May 21, 2023
Sunday Notes, early-season and preseason edition: Fun in Dallas and flashes of excellence in New York
Plus, roster decisions everywhere
Have you missed the Daily Briefing the past few months? Then I’ve got good news, probably. Welcome to a new series, running … let’s say weekly. Instead of a daily newsletter partly dedicated to analysis and storylines, here we’ll dive into trends from around the league.
With each team having played their season opener and a couple of preseason games, I want to discuss two things: lessons from the early going and training camp roster cuts.
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What we learned from preseason and season openers
For the first time ever, WNBA preseason games were publicly available, including Indiana at Dallas and the Canada game between Chicago and Minnesota. But tape on the others exists (including the non-exhibition scrimmage between Los Angeles and Seattle), and four of the six season openers were nationally televised (if we include NBA TV). Some of those games reaffirmed what should have already been expected, but there were some new things worth looking at:
I am going to complain about the Sky’s starting lineup all season; starting Courtney Williams over Rebekah Gardner on the perimeter is a crime against basketball. It significantly lessens the quality of their defense, their switchability, their spacing, their connective passing and their rim pressure.
Williams shot 2-for-8 in the Sky’s season opener against the Lynx, including 1-for-5 from 3-point range. Gardner shot 4-for-8 from the field and 2-for-3 from deep with four steals, a couple of excellent passes and no turnovers.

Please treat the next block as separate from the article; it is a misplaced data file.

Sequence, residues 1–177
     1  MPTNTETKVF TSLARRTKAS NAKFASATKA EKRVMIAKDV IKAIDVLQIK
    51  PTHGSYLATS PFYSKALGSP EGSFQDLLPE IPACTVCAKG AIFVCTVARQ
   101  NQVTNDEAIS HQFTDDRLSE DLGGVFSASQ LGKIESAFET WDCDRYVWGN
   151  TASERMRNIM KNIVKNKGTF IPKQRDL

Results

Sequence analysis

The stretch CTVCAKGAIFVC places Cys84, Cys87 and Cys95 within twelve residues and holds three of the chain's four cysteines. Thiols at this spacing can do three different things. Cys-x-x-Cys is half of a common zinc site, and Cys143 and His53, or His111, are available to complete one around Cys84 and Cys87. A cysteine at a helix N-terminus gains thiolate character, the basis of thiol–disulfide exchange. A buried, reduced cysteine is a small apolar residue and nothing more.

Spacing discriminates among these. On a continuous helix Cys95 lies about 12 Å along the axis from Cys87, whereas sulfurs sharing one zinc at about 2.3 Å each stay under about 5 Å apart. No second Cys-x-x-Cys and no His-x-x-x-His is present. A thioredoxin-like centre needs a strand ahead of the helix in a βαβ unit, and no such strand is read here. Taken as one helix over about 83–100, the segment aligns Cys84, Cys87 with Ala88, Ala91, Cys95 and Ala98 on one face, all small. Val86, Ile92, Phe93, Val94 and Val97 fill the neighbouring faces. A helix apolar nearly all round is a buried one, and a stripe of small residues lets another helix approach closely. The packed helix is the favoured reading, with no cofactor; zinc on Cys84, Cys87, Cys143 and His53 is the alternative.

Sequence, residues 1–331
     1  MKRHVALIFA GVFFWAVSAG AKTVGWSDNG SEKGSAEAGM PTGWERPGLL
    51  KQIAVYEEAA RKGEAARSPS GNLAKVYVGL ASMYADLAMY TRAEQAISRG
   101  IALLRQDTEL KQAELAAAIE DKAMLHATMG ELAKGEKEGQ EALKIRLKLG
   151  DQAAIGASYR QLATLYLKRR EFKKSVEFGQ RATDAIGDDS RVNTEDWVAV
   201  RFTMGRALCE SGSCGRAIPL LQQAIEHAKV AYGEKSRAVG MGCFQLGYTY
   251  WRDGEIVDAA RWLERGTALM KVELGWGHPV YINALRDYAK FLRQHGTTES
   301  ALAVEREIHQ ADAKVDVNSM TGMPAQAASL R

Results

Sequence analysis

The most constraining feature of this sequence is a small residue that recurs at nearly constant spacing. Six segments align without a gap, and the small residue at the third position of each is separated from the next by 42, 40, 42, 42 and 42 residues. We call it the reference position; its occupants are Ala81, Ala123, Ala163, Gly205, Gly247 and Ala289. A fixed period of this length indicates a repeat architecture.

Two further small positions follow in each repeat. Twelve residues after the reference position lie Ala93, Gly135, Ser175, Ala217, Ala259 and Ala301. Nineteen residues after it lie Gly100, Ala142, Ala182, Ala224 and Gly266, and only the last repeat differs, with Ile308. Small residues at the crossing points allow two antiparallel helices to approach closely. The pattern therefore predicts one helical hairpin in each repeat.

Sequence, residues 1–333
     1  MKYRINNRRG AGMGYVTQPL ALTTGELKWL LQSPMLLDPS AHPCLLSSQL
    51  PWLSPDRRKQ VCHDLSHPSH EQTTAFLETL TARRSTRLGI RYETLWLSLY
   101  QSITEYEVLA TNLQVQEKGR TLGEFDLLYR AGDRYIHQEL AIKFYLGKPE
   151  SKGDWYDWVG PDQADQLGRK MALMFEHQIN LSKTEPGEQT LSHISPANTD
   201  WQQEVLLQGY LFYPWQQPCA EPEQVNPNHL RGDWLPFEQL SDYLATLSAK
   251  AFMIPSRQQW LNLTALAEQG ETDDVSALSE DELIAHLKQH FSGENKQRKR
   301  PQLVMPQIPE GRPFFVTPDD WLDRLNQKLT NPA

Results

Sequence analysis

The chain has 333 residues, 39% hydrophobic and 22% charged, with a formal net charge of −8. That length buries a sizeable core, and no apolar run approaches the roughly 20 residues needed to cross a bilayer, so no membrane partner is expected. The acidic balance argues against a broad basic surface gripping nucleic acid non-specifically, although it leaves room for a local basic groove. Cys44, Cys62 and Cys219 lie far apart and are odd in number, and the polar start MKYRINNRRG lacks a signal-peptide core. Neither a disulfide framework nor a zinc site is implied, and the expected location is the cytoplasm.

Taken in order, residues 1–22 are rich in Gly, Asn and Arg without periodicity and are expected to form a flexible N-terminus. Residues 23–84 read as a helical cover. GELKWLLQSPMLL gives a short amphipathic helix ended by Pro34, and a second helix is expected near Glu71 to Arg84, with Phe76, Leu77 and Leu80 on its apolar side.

If Williams is starting because head coach James Wade believes she’s a better fit, he’s going to be wrong. If she is starting because she would not have signed otherwise, then she is not going to play for a winning team. Williams taking as many 3-pointers as she did may be a big step in the right direction, though. That is a situation to monitor.
The Wings’ roster exiting free agency was generally considered uninspiring, which morphed into more confusion after the draft (not that either reaction is new to Dallas). And in their opening game against the Sky, the Wings looked exactly as expected for the first eight minutes — playing through center Teaira McCowan as the first and second option, with guard Arike Ogunbowale in isolation when defenses overcommitted. But their defense was putting a lot of pressure on Chicago both on and off the ball, to an extent few teams ever do. The reason few teams do so is because it’s simply exhausting, but few teams have a roster that goes 10 deep with impact players. And it seems new head coach Latricia Trammell has every intention of maximizing each piece of this roster.
The first clue that Trammell had something up her sleeve was with forward Satou Sabally. Sabally subbed in for Natasha Howard after the latter picked up two early fouls, and she immediately had the ball in her hands nearly as much as McCowan. In the late first and second quarters, specifically, of both of its games, Dallas noticeably shifted from playing through McCowan to playing through Sabally:
Things started getting funky once rookie combo forward Maddy Siegrist checked in. The base scheme with Howard or Sabally at the four and McCowan or Kalani Brown at the five was high-activity drop. With Siegrist and Sabally playing the forward spots, the Wings switched any 3-4 actions but played drop on anything else involving Siegrist or the center. Awak Kuier then came on and played the three, followed by several minutes of a Sabally-at-the-five lineup and a Siegrist-at-the-five lineup.